Herpes simplex virus-2 (HSV-2) causes a chronic infection characterized by frequent shedding episodes, the majority of which are associated with low peak viral load and are asymptomatic. Occasionally, episodes are characterized by high viral loads, last longer and results in genital ulcers. In immunocompetent subjects, all episodes are eventually controlled by the immune system, whereas in HIV-infected subjects episodes are more frequent and, after progression to AIDS, HSV-2 reactivation can result in long-lasting episodes: on rare, occasions the virus may spread to multiple organs. Although the lack of control observed in HIV-infected patients has been related to having fewer CD4+ T cells, more detailed mechanistic insights are lacking. In fact, CD4+ T cells play multiple roles in the immune response, such as helping CD8+ T cell function and guiding antibody response.
Although key for vaccine design, the identification of the defects of the immune system in such context is complicated by the need for continuous monitoring of the immune responses at sites of viral latency and lytic replication. Given the limited availability of experimental data, mathematical models represents a useful tool to reconstruct the complexity of the immune response to HSV-2 and guide further experimental studies. The expertise of bench scientists and mathematical modelers available at Fred Hutch allowed the construction of a complex model taking into account several factors: 1) seeding of new HSV-2 lesions by virus released from ganglionic latency; 2) infection of susceptible epithelial cells within a single ulcer from adjacent infected cells, 3) seeding of new ulcers by cell-free HSV-2 particles, 4) clearance of cell-free particles, 5) death of infected cells and 6) increase of T cells in response to increased burden of viral antigen.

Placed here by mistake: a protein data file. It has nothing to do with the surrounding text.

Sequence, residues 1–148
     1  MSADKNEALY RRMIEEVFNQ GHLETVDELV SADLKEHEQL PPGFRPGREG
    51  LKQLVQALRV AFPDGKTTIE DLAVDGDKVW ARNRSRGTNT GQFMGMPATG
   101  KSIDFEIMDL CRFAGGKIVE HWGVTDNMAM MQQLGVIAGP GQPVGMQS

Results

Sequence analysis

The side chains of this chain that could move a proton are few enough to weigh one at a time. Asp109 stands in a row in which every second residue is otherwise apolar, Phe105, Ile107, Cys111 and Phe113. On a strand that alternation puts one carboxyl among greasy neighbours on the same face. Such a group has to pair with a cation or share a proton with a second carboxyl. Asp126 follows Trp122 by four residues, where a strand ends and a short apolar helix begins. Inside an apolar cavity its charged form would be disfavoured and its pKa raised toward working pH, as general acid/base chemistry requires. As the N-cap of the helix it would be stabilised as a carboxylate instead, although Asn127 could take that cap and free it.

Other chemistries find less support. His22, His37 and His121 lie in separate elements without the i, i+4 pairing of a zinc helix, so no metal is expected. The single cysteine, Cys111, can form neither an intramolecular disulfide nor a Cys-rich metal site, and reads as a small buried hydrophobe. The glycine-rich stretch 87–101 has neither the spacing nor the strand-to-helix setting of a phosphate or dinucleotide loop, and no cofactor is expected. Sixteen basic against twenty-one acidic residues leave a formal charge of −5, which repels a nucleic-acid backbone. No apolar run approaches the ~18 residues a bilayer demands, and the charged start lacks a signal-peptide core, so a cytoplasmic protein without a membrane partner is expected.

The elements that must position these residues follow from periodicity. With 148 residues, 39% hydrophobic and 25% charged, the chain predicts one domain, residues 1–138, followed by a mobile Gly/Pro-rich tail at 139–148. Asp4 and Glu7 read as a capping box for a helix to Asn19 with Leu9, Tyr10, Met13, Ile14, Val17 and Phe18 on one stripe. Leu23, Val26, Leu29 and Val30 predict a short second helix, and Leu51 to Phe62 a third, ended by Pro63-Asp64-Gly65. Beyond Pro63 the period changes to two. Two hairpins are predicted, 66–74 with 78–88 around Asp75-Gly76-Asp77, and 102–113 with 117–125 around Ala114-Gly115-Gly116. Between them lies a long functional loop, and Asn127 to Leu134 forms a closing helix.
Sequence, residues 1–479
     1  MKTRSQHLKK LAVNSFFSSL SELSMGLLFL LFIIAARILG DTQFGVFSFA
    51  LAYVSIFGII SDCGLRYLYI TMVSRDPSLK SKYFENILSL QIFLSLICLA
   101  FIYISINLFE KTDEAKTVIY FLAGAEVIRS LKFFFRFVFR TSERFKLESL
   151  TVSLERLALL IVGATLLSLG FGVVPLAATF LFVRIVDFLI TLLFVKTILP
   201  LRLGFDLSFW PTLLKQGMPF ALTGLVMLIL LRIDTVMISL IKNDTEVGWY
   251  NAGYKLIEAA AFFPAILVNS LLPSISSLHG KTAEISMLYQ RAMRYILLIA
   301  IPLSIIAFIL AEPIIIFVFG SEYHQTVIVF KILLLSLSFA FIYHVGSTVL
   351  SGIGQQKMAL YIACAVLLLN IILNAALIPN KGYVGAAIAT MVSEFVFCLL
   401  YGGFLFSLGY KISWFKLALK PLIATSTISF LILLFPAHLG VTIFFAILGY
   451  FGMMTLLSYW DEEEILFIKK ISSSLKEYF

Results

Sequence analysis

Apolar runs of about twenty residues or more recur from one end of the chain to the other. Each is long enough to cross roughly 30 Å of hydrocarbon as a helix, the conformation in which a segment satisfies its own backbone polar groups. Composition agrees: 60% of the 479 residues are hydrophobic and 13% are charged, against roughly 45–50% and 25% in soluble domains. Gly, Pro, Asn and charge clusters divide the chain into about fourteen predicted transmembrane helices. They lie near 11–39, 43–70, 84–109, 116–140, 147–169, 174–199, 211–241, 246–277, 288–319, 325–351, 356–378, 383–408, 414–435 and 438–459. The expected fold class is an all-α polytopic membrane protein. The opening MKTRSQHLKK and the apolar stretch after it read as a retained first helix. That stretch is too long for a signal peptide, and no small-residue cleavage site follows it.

The current model was built on experimental data obtained from a cohort of 98 HSV-2 positive HIV-1 uninfected men and 98 HSV-2 positive HIV-1 infected men. HIV-1 infected participants were further divided in three groups based on CD4+ T cell counts (<200, 200-499, and >500/μl). Experimental data showed that kinetics of shedding episodes were similar between the two groups, but episode rate was higher and episodes were longer in HIV infected as compared to uninfected subjects. Modeling these data showed that increased shedding in individual HIV-1 infected subjects was likely due to multiple rather than a single immunological defect. The rate of HSV-2 release from ganglia as well as resident T cell decay in the mucosa was higher in HIV-1 positive subjects with the largest difference detected in subjects with the lowest CD4+ T cell count, indicating a loss of T cell control of HSV-2 in men with AIDS. Moreover, a decrease in clearance of cell free virus suggested a loss of humoral immune function in HIV-infected men.
The model was then applied to mimic a continuous rather than discrete sampling. The model predicted that longer duration of episodes in subjects with CD4<200 occurred because of slower clearance of free virus that allowed secondary seeding into discrete mucosal locations allowing spatial spread, which might explain the higher percent of episodes lasting more than 10 and 20 days following progression to AIDS.
Dr. Joshua Schiffer, a modeler from the Vaccine and Infectious Disease Division at Fred Hutch and first author of a paper reporting these results published in PLOS ONE provided us with a summary statement of his work: "Our study suggests that poor immune control of HSV-2 in HIV infected patients cannot be attributed to a single deficit of immunity. Rather, multiple arms of the immune system are compromised in both sites of HSV-2 infection."
The study was supported by National Institutes of Health.
Schiffer JT, Swan DA, Magaret A, Schacker TW, Wald A, Corey L. 2016. Mathematical Modeling Predicts that Increased HSV-2 Shedding in HIV-1 Infected Persons Is Due to Poor Immunologic Control in Ganglia and Genital Mucosa. PLoS One, 11(6), e0155124.
Basic Sciences Division
Human Biology Division
Maggie Burhans, Ph.D.
Public Health Sciences Division
Vaccine and Infectious Disease Division
Clinical Research Division
Julian Simon, Ph.D.
Clinical Research Division
and Human Biology Division
Arnold Digital Library